Sensex will touch 21,000: Experts

Growth in corporate earnings expected

Sensex will touch 21,000: Experts

“Corporate earning will see a 25 per cent growth. Though there may be short-term corrections, the market will go up by another 20 per cent. I do see Sensex at 21,000 this year,” Angel Broking’s Managing Director Dinesh Thacker told PTI.
The banking sector, on the back of an expected 8 per cent GDP growth is likely to be amongst the top performing sectors in the new year, he said.
Also, infrastructure sector, where huge investments are expected, could also play a major role in the share market in 2009, Thackar said.

Sector performance
“Undoubtedly, a major sector that can perform well in short term and long term is infrastructure. Government is spending a lot of money on infrastructure and for the next five to ten years it would continue bullish,” he said.

However, telecom stocks, which faces intense competition in the market, might not prove to be a good option for short-term investors, Thackar said. Sensex, which opened at 9,647 points in 2009 closed the year around 80 per cent higher at 17,464 points.
Echoing the view, Kejriwal Research and Investment Services Director Arun Kejriwal said he expects the Sensex to reach above 21,000 level as the year progresses.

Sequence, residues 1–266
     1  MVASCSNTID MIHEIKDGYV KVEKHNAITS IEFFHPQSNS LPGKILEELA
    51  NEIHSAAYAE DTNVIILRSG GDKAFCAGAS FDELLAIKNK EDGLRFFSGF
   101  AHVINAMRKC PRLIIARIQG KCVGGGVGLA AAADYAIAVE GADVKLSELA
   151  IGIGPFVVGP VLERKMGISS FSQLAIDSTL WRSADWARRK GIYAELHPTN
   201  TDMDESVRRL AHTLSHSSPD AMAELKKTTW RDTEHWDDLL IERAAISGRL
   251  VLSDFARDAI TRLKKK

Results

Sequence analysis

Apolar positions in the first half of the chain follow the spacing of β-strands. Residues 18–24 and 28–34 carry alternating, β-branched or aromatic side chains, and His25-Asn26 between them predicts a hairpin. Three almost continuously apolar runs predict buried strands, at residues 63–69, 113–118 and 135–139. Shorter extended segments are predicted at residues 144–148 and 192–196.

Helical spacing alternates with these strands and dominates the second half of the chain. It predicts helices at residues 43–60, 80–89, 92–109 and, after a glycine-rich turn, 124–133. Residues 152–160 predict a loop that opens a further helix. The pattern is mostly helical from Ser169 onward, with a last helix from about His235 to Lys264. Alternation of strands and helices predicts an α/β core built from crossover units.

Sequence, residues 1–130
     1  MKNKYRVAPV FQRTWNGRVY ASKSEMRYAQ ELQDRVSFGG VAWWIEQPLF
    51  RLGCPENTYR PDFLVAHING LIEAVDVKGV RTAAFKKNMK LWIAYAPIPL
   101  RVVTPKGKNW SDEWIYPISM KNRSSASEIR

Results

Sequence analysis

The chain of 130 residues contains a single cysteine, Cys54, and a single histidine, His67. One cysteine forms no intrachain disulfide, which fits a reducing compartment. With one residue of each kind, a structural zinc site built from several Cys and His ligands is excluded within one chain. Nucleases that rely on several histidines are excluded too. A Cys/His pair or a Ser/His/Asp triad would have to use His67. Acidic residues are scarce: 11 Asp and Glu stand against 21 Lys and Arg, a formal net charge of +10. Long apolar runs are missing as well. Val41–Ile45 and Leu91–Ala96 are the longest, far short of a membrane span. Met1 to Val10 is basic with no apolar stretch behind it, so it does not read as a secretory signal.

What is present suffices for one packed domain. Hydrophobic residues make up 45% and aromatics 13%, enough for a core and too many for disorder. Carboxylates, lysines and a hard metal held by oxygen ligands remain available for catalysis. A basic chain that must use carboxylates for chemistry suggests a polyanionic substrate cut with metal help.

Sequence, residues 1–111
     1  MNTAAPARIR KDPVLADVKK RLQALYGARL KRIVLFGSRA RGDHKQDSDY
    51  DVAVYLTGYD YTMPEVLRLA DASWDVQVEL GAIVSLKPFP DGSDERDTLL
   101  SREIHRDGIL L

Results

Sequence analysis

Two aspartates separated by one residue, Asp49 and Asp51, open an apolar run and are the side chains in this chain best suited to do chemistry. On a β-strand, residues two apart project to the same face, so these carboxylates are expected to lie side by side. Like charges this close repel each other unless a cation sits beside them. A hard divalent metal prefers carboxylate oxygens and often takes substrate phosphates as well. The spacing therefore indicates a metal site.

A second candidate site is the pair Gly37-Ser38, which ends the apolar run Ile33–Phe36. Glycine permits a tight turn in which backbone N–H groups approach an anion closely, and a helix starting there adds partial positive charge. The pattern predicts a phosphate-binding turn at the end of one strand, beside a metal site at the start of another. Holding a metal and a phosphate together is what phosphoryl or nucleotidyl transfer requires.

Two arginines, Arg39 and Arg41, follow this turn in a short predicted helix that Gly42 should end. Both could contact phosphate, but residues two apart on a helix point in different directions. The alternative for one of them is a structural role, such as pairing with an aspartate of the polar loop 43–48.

“Having done so well in 2009, the expectations about 2010 are so high. But it may not be realistic and may not happen. But a 2,500-3,000 points’ gain is possible. But the corrections also can be in this range,” Kejriwal said. Edelweiss Institutional Equities Co-head, Vikas Khemani also expects Sensex in the range of 21-22,000 in 2010. According to Khemani the Nifty is likely to rise up to 6,200 to 6,500 range in the course of the year.

An investor can normally expect a 20 to 25 per cent return from the market as Sensex may go up to 21-22k range and Nifty to 6,200-6,500 points,” Khemani said. He said the divestment in the holding of government-owned companies might provide fillip to the market rally in the new year. Also according to them monsoon could also turn out to be a decisive factor.

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